Does Ayaan Hirsi Ali Extensively Use Ghost Writers? - Fraudulent Scholarship Suspected

By Beila Rabinowitz

December 21, 2006 - San Francisco, CA - - A journalist has revealed that former Dutch parliamentarian and current AEI scholar Ayaan Hirsi Ali used ghost writers for her speeches and newspaper articles. This includes the emotional farewell speech she made to the parliament when forced to resign for lying on her asylum application.

The disclosures were made on the radio by Alies Pegtel who works for the liberal leaning weekly magazine De Tijd/HP.

Pegtel's articles are being published as "Ayaan - The Series" with the teaser "She came - saw - and left a smoldering ruin and shattered men behind." [source]

In these investigative pieces Pegtel asks the question:

"But how much help did Ali precisely get with her writing? Did intellectual friends write complete pieces for her or was she just helped stylistically? Who were these helpful like minded people, and why did they want to help Ali? From conversations with people who were close to her it seems that the word "support" gives a very mild picture of what was actually going on. In a large number of cases friends and acquaintances simply admitted that they had written an article or a speech for her."

Doubts about the authorship of material attributed to Ali have also surfaced regarding the script for the film Submission which she sold to Theo van Gogh for nearly $20,000.

According to a 2004 article entitled "How A Cleaning Woman Became The Somalian Joan Of Arc" the degree to which the Submission script - the launching pad for Ali's career - represented her own work is in question:

"...according to the credits she was responsible for the scenario. Even the original idea had emerged from her brain. But was that really so? What is completely certain is that Theo van Gogh had to do a great deal of adjusting the scenario until one could speak of a workable whole. In addition there had also been other creative minds in the proximity of Ayaan who had also been occupied with the film..."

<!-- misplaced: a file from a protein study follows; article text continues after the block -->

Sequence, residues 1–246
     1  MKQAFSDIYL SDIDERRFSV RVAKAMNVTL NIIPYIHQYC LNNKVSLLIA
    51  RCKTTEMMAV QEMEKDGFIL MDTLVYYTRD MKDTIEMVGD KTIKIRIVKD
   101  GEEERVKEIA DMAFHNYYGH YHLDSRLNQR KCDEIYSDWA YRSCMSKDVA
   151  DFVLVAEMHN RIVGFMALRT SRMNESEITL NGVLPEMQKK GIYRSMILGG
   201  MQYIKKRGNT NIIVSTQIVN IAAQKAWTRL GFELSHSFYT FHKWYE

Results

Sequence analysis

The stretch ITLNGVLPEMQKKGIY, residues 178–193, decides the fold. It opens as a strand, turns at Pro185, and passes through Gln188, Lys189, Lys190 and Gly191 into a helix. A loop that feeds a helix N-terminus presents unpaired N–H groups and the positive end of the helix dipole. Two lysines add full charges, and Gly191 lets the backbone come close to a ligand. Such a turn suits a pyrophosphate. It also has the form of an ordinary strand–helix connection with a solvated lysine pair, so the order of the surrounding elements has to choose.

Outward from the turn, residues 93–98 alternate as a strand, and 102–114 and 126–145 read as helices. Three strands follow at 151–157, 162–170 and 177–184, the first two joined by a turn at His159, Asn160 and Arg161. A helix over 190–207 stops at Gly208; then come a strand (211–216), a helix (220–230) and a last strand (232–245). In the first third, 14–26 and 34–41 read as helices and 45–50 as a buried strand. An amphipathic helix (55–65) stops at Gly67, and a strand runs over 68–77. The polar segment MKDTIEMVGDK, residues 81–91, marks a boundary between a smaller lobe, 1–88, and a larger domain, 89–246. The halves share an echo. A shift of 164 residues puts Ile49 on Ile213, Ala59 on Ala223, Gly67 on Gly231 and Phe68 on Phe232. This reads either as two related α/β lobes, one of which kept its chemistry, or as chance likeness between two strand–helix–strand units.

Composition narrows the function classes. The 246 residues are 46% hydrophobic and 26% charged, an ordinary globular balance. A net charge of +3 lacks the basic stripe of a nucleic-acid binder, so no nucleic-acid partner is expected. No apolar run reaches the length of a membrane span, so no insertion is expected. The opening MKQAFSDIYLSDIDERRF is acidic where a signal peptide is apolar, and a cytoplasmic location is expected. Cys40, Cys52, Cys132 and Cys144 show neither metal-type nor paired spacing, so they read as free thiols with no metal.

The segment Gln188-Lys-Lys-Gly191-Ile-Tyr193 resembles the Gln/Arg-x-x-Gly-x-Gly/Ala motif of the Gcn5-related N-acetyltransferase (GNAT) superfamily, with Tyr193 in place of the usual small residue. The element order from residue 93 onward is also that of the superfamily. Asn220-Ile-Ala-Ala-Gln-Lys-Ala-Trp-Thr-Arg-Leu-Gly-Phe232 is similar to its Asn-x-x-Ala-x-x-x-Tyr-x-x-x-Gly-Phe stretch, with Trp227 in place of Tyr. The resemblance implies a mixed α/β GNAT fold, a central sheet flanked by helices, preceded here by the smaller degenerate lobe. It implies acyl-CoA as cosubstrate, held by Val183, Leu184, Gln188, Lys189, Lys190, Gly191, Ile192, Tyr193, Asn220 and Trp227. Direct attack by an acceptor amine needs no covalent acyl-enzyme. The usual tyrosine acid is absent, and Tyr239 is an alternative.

After Theo van Gogh was murdered [as Ali wrote, "because...she had bodyguards and he didn't] journalist Ebru Umar wrote an open letter rhetorically asking if she had used Theo van Gogh as director because his name would assure her international publicity she desired.

Far more serious than questions about authorship of the script are allegations that at least one of Ali's books have also been the product of others' labors.

In the Dutch newspaper Parool, author Bas Soetenhorst makes reference to Ali's most current work, her autobiography "My Freedom" stating that it was ghostwritten.

In the Dutch:

"Mijn vrijheid, de titel van de door een ghostwriter geschreven autobiografie, maakt duidelijk waar de enorme motivatie van Hirsi Ali vandaan komt. [source]


"'My Freedom,' the title of a ghost writer authored autobiography makes clear the enormous motivation which emanates from Hirsi Ali."

In the Dutch:

"De lijvige autobiografie, geschreven door een buitenlandse - uit veiligheidsoverwegingen anonieme..."


"The thick autobiography, written by a foreigner - who remains anonymous for security reasons..."

In a series of articles documented Ali's disastrous track record of ruthless opportunism, warning the American Enterprise Institute that, "in our opinion, Ali is a train wreck just waiting to happen."

Statement By American Enterprise Institute Scholar To Be - Ayaan Hirsi Ali - Raises Conservative Hackles

Dutch Government Falls In Wake Of Hirsi Ali Imbroglio

Ayan Hirsi Ali 24 x 7

Hirsi Ali Climbs Over Corpse Of Theo Van Gogh, Lands Gig At American Enterprise Institute

Ali's first act while on the AEI payroll was to announce in a Der Spiegel interview that she was to "use the fellowship" to write another book called "Shortcut to Enlightenment" and had sent the proposal to AEI president Christopher DeMuth. According to Ali the book would be "readable and gripping," depicting a meeting between Muhammed , Karl Popper, John Stuart Mill and Frederich von Hayek at the New York Public Library; a remarkably bold undertaking, especially in light of Ali's now suspect acumen.

In a recent interview with a Dutch paper Ali bragged about AEI funding.

"They are really independent. Anyone who wants to give money is welcome but they cannot interfere with the allotment of funds. It's even possible that I could get money from someone who is opposed to women's rights. That's really great."

Given Ali's track record the AEI may well have to concede that their newest fellow has feet of clay. At the very least the above allegations warrant an investigation into her scholarship. The organization shouldn't be expected to foot the bill for Ali's self promotion.

1999-2007 Beila Rabinowitz/, all rights reserved.